One of the most popular verses in the Bible is found in Matthew 7: 1, “Judge not, or you too will be judged.” Frankly, this verse became somewhat of a cliché – one that is easily misunderstood, especially when it comes to people’s inability or unwillingness to accept constructive criticism and biblical exhortations. However, in John 8, we read the story of a woman who was caught in adultery and the scribes and Pharisees brought her to Jesus in order to condemn her to death. The Scribes and the Pharisees were not as interested in upholding the mosaic law as they were in trapping and accusing Jesus of breaking the law or blasphemy. It’s not too far a stretch to believe they probably planned the whole thing from the beginning, because where was the man she committed adultery with? According to the law they seemed eager to uphold, both persons involved in the act of adultery must be condemn to death (Deuteronomy 22: 22). Their primary objective was always to challenge the messiahship of Jesus Christ in front of the people and prove Him to be a fraud (John 8: 6).
Regardless, I want us to consider how Jesus dealt with the entire situation. The teachings of Christ up to that point have been about love, forgiveness, grace and compassion – teachings that challenged their understanding of the law (Matthew 5: 21 – 48) and their very way of life. Although Jesus said “I did not come to destroy the law, but to fulfill the law” (Matt 5:17), the Jewish leaders certainly saw Him as a threat to their religious system. When the Pharisees told Jesus, “The Law of Moses commanded us to stone such women. Now what do you say?” Remember Jesus came to fulfill the law and not break the law; therefore, this situation presented quiet a dilemma – one that the Pharisees probably thought would turn out on their favor. However, what Jesus said next did not only dissuade the Pharisees and the crowd from their self-righteous path, but they were also “convicted in their conscience” (John 8:9) of their own imperfection and unrighteousness. Jesus said “He who is without sin cast the first stone.” Jesus wanted them to judge themselves first before judging that woman: “First, remove the plank from your own eye, and then you will see clearly to remove the speck from your brother’s eye” (Matt 7:5). Their conviction led them to believe that they were not worthy of accusing nor condemning that woman. We too must be convicted of our own imperfection and unrighteousness before being preoccupied with someone else’s.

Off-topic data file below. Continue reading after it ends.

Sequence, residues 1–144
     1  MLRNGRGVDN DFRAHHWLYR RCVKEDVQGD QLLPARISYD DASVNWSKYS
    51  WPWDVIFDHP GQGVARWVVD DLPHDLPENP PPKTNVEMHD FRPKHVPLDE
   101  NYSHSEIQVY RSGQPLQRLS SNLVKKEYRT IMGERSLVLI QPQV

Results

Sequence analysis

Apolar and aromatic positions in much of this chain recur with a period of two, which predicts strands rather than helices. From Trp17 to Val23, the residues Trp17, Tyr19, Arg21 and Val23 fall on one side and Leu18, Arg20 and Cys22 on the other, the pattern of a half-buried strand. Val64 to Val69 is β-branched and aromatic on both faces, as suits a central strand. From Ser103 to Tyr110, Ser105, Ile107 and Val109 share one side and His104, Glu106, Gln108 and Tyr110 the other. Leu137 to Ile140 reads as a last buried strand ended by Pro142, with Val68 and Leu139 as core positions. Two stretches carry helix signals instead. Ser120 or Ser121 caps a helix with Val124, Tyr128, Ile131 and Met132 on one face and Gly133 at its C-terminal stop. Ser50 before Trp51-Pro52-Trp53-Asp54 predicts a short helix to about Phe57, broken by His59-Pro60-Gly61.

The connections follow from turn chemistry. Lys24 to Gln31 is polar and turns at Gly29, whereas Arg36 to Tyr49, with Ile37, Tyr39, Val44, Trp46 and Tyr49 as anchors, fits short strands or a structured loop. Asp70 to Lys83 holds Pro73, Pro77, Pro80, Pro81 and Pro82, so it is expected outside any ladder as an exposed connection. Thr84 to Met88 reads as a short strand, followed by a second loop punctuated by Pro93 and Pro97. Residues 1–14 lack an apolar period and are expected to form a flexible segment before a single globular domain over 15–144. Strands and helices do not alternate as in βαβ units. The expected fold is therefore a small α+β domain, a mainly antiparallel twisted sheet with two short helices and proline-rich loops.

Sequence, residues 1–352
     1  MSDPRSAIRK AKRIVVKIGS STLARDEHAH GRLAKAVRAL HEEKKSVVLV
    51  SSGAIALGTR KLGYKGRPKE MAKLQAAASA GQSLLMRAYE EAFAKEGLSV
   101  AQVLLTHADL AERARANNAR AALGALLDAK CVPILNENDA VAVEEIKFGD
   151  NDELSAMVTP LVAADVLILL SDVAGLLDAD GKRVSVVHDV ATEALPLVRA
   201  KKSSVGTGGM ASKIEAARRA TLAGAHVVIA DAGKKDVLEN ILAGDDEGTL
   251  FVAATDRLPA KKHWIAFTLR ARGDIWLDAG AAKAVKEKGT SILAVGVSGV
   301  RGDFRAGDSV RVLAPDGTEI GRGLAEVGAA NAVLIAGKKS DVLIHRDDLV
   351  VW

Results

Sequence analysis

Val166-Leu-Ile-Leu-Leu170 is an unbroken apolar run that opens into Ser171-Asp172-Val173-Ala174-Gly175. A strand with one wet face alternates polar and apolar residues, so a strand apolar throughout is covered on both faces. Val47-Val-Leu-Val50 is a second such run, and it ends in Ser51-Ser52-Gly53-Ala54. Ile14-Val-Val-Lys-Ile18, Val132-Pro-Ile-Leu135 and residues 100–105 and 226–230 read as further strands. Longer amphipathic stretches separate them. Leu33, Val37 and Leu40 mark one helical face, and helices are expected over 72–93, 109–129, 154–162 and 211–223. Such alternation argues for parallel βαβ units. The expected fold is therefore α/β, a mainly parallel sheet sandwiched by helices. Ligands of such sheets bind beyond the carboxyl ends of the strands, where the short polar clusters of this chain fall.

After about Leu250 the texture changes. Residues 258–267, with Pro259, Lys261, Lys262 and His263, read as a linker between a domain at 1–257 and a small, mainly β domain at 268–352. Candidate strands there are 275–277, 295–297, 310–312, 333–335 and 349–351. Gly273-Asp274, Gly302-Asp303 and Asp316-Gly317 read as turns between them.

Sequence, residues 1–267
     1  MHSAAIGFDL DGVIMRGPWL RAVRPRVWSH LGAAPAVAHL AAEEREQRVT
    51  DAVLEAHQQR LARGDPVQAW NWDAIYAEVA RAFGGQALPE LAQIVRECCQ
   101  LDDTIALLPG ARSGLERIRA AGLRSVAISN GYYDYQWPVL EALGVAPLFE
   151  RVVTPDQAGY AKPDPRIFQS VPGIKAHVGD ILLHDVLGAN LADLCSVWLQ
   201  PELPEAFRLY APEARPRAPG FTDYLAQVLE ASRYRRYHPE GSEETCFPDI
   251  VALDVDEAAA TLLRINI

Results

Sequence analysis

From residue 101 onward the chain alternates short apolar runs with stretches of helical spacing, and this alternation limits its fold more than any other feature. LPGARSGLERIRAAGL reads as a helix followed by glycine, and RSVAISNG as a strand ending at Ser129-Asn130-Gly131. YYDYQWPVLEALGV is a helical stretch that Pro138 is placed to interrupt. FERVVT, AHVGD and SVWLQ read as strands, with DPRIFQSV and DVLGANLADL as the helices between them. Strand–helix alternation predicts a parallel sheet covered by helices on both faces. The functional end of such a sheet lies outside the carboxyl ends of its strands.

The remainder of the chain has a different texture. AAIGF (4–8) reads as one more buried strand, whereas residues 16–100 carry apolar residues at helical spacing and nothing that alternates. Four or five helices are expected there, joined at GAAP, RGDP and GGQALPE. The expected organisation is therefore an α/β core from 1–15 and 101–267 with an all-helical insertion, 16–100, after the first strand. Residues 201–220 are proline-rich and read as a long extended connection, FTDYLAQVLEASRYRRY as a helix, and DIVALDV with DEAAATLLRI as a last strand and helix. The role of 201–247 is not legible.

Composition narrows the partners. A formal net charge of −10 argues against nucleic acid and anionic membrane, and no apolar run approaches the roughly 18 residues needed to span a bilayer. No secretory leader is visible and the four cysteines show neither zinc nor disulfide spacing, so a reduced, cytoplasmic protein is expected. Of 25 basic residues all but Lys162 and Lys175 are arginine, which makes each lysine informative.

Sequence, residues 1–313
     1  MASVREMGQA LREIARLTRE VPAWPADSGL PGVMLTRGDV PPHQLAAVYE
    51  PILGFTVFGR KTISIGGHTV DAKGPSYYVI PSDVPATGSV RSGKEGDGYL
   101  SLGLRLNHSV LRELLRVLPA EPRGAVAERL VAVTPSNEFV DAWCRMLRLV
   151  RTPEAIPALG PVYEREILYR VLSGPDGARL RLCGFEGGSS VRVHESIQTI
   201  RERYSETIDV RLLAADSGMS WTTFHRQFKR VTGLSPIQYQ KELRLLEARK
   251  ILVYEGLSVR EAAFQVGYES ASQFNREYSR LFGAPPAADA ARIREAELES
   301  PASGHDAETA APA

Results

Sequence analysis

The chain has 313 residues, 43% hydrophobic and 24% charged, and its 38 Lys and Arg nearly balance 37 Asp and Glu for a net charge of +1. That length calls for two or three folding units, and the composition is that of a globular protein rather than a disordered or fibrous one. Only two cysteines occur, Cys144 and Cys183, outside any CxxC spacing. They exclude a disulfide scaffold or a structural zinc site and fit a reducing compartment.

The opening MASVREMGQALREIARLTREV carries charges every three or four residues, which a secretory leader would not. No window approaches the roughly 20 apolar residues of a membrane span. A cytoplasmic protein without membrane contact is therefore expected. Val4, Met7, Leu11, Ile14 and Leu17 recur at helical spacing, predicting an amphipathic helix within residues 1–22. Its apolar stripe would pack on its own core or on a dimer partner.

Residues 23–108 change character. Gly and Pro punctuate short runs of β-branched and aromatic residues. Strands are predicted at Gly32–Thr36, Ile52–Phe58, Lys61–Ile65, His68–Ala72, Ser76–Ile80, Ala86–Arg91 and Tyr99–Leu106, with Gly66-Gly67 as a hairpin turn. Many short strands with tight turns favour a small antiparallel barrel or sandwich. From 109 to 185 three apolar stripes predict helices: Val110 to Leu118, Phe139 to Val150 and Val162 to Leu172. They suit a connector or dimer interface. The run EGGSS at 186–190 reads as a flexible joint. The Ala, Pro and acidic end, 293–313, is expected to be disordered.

It is important to understand that Jesus did not approve of what the woman did, but in His name we all can be forgiven, in His name there is no condemnation (Romans 8: 1). When all the accusers walked away disappointed unable to condemn the woman per the law of Moses, Jesus addressed the woman and said, “Neither do I condemn you, go and sin no more” (John 8:10-11). Jesus acknowledged that the woman was guilty of what she was being accused of, but unlike the law of Moses that brought condemnation, unlike the Sadducees and the Pharisees who did nothing but accusing people and pointing out their incompetence in regard to keeping the law in order to elevate their religious status, Jesus offered that woman grace. THE LAW CONDEMNS THE BEST OF US, BUT GRACE SAVES THE WORSE OF US. Grace challenges us to live better lives (Titus 2: 11-12) that’s why Jesus said “Go and sin no more,” and it challenges us to see others through the eyes of Christ. The teachings of Christ were always meant to challenge our way of thinking, our way of life, and our views/beliefs in order to bring necessary changes to transform our lives. Jesus came not only to save us but to change us from the inside out. Only when we allow Jesus to truly transform our lives can we really understand what it means to not cast the proverbial stone at another sinner.
The Bible says in in Psalm 103: 8-12, “The Lord is compassionate and gracious, slow to anger, abounding in love. He will not always accuse, nor will he harbor his anger forever; he does not treat us as our sins deserve or repay us according to our iniquities. For as high as the heavens are above the earth, so great is his love for those who fear him; as far as the east is from the west, so far has he removed our transgressions from us.”
May we all continue to strive to be more like Christ,